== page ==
Mr. Wilson to Mr. Seward

No. 7.]

Sir: I beg to make known to the department that on the 13th ultimo there arrived at the port of La Guayra, from London, the Venezuelan war steamer Bolivar, lately purchased in that city for this government. She was officered and manned by officers and men, it is said, of the royal navy, who had been granted leave of absence for one year to enter the service of the republic. The contracts made by the consul of Venezuela were such, so far as concerned the officers and crew, that the government felt they could not be complied with under the provisions of the federal constitution, of which Captain Focke was duly apprised. Meanwhile the crew became clamorous for their pay, alleged to be due under the contract.

While these matters were under discussion, and before any conclusion had been arrived at, Captain Focke went aboard his vessel on the evening of the 30th ultimo at about nine o’clock; the Venezuelan portion of the crew was shortly after put into an open boat without oars, and the vessel took flight for parts unknown.

To what extent the captain is personally guilty is here a disputed question, for it is stated by some, on the authority of the Venezuelan sailors, that as soon as he went on board he was locked up in his cabin, and the orders to raise anchor given by the first officer; while by others it is asserted that the captain only carried out his previously expressed determination, to which latter opinion I am inclined.

However it may be, the vessel has disappeared, and the government of Venezuela, as you will perceive from the enclosed translation of a note from Mr. Seijas, dated October 31, 1866, received by me on the 5th instant, (which translation [Page 448] is marked enclosure 1,) asks that, in case she has taken refuge in the waters of the United States, she may be attached and delivered to her lawful owners.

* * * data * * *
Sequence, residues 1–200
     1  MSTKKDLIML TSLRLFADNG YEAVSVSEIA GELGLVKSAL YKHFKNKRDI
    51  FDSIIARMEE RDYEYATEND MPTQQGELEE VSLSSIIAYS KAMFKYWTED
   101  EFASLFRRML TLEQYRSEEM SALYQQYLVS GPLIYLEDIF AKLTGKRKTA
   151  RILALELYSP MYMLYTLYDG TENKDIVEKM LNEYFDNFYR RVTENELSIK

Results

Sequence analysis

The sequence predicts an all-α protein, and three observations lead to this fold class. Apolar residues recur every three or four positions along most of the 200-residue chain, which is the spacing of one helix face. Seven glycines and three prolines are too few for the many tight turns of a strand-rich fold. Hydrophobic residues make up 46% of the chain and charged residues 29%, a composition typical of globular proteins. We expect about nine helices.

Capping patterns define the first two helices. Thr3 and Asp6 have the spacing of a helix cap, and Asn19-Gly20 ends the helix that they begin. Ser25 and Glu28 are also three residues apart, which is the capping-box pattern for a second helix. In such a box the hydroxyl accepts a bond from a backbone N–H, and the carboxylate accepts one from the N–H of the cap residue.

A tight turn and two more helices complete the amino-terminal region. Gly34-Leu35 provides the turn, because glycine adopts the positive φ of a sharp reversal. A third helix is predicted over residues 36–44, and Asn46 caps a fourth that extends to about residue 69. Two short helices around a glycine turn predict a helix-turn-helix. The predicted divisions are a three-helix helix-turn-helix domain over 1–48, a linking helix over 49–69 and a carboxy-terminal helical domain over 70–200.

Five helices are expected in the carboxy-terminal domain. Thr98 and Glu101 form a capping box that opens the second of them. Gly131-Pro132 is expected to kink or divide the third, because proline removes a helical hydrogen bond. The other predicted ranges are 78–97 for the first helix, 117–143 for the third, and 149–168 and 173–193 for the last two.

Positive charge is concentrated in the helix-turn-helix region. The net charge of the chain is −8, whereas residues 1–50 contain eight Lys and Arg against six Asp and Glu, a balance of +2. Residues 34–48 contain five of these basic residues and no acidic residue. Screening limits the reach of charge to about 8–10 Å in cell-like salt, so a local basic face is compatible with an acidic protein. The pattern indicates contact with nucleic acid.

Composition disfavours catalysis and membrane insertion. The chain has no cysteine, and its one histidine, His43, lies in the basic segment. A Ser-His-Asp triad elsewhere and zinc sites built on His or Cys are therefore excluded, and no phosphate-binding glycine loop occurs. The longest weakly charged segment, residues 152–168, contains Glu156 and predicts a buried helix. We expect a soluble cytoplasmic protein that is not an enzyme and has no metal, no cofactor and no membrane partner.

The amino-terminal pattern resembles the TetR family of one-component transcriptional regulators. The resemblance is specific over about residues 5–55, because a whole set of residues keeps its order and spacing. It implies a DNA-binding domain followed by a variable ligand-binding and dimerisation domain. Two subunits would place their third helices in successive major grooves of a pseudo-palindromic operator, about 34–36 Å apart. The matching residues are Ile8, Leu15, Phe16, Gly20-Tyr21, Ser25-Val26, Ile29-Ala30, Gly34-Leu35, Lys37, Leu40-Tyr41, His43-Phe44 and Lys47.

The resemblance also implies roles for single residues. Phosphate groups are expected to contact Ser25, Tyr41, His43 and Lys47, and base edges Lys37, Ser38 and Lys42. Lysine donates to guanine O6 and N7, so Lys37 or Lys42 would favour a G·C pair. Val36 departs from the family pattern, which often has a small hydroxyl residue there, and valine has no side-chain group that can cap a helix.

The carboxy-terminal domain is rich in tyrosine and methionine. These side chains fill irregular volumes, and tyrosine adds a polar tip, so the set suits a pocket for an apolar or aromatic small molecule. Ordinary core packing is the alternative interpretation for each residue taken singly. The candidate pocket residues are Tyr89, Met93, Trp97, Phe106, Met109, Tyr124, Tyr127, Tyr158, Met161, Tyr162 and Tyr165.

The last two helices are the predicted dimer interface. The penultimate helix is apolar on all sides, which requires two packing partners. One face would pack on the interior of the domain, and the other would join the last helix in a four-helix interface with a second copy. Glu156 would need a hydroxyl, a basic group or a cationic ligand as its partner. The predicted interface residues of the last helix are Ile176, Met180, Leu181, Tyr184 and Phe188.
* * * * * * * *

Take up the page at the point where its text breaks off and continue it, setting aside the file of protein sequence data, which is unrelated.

I have not deemed it necessary to enter into many of the details of this extraordinary transaction on account of their contradictory character, and also because of the full statement of the affair in the communication of the minister of foreign relations, which I submit for your consideration.

With much respect, I am, sir, your obedient servant,


Hon. William H. Seward, Secretary of State, Washington, D. C.

No. 1.

Mr. Seijas to Mr. Wilson


Third year of the law and eighth of the federation.

The minister of foreign relations of the United States of Venezuela has the honor to address the minister resident of the United States, and by order of the executive of the nation make known to the legation the following facts.

The steamer Bolivar, which arrived from London on the 13th of the present month, was purchased in that city, for the republic, on the 31st of January last, with the intention of employing her in its naval service. She was furnished with a Venezuelan commission in that understanding, and brought out an English commander, officers and crew, according to contracts made by the consul of this country in the city of London.

The government could not approve them, as it was agreed, among other things, that Captain John Focke should not be required to serve under the orders of any officer unless he were of the English navy, and of a higher rank than himself, and that in case a change of officers and crew took place the English portion should never be reduced to less than half of their whole number.